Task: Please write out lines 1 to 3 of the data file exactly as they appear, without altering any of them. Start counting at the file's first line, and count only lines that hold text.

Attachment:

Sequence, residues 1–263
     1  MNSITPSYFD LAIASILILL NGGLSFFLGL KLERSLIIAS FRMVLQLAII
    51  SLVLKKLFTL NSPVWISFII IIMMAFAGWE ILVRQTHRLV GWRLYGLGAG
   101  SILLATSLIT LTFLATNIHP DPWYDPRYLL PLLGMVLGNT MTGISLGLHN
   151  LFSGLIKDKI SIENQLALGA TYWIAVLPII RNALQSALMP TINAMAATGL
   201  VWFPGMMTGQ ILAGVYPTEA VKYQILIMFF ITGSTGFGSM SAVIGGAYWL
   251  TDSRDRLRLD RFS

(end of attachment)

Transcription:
Sequence, residues 1–263
     1  MNSITPSYFD LAIASILILL NGGLSFFLGL KLERSLIIAS FRMVLQLAII
    51  SLVLKKLFTL NSPVWISFII IIMMAFAGWE ILVRQTHRLV GWRLYGLGAG